At WYG, we always support embracing emotions rather than suppressing them. I would love to say when these situations arise take a time-out from life, grab your journal, and start sorting through some of those emotions. That being said, we have real jobs and real lives and know that you sometimes have to get through the work-day or the grocery list and tears aren’t an option. You need to get the crisis under control in the short-term. So how do you cope when you are caught off guard by a mini-meltdown?
Crying In Public Like a Rockstar: Tips and Tricks
1) Anticipate (if you can). This is a big if. As mentioned above, these triggers often catch us off guard. But if you know something may be a trigger for you and you don’t want to end up with mascara streaming down your face, make a plan to manage your environment. This may be an escape plan, or a friend you are going to lean on, or straight up avoidance. I lost my dad. Father-daughter dances at weddings are a sob-fest for me and I know it. So what do I do? Shamelessly head to the bathroom as soon as a father-daughter dance is about to start.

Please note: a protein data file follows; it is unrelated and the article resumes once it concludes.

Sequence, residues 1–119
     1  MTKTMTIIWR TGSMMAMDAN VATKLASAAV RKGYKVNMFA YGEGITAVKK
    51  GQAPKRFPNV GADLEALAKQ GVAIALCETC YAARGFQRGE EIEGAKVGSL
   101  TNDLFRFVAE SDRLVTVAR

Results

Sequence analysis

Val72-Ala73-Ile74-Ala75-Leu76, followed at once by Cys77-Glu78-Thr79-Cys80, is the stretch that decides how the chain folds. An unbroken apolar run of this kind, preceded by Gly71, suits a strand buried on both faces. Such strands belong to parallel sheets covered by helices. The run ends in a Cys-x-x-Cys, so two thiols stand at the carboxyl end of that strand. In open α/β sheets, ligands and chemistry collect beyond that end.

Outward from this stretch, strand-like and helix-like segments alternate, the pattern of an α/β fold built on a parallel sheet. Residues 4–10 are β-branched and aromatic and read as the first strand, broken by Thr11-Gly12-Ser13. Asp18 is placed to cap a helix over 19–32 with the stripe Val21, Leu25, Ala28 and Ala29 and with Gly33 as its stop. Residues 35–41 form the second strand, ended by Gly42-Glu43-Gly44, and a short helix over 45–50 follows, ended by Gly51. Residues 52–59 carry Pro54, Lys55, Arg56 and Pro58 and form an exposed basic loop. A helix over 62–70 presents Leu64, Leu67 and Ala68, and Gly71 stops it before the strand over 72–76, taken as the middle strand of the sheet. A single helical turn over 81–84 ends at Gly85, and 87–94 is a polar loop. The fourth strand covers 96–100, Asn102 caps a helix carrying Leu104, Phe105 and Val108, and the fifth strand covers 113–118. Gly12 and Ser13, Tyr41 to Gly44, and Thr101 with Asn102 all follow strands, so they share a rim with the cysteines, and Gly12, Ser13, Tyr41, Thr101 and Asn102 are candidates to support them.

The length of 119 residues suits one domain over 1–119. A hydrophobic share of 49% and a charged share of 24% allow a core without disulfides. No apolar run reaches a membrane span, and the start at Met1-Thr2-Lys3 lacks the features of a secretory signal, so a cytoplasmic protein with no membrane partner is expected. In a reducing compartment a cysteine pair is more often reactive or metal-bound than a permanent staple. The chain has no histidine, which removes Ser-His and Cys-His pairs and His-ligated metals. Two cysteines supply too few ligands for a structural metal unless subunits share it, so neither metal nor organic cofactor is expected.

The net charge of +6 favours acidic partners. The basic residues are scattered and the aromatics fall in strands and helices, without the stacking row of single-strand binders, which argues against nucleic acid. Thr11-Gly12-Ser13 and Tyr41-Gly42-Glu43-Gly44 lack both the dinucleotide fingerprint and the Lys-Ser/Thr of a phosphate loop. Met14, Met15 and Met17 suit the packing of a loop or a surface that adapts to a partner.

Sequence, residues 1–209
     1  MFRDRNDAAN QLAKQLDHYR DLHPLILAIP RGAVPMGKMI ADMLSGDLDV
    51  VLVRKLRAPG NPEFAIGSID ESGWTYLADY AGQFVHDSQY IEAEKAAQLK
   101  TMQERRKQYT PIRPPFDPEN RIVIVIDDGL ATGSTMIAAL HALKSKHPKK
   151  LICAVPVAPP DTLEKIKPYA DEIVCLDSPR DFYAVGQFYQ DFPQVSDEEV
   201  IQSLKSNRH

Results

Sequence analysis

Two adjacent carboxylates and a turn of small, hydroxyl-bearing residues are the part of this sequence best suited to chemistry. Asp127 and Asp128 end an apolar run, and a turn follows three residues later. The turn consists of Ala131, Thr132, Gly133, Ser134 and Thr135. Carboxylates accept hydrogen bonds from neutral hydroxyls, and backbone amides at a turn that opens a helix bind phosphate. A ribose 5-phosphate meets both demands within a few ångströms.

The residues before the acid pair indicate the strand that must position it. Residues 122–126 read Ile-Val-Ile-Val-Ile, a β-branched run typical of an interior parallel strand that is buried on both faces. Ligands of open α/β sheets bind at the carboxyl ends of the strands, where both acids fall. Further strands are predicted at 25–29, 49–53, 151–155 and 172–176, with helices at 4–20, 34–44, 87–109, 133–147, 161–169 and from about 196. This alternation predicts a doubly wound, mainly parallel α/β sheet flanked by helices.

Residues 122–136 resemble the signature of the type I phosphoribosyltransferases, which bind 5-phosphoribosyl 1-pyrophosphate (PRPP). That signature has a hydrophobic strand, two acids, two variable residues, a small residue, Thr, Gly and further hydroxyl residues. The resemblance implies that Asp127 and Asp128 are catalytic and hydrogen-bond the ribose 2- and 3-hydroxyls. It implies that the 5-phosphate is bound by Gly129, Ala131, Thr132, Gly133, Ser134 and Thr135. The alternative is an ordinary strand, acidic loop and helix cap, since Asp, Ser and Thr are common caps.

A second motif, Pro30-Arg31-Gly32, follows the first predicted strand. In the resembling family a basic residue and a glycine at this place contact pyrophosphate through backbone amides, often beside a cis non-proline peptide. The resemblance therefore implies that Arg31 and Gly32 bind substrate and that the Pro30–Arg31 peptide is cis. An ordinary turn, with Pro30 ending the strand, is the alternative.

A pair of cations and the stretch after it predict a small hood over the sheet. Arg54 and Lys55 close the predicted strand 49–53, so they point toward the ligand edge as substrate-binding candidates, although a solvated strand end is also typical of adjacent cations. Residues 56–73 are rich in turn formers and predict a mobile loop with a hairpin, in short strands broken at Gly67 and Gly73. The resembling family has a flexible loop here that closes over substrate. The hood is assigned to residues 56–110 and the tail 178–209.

2) Don’t panic. Easier said than done, I know. When you can feel yourself starting to well-up in front of your co-workers or your child’s teacher it is hard not to panic. But panic can actually make the tears come faster and more forcefully. When you notice the feeling that you may cry try to slow things down. Notice the feeling, take a breath, and move on to some of the next steps. It is important to note that this is not about tensing up to avoid the tears, but noticing the feeling of tears coming, acknowledging and accepting it, and starting some relaxation techniques to calm down and slow the tears down.
3) Breathe. Seriously, we say it all the time because it is true. Well-timed deep breathing is a tried and true technique for controlling the tears until you get somewhere you feel more comfortable. Close your eyes and take a few deep breaths through your nose and into your abdomen. Focus as intently as you can on the breaths and relaxing your face and shoulders. Reducing some of the physical tension you are feeling can help ease the tears. Focusing on your breathing and counting your breaths can also serve as a distraction.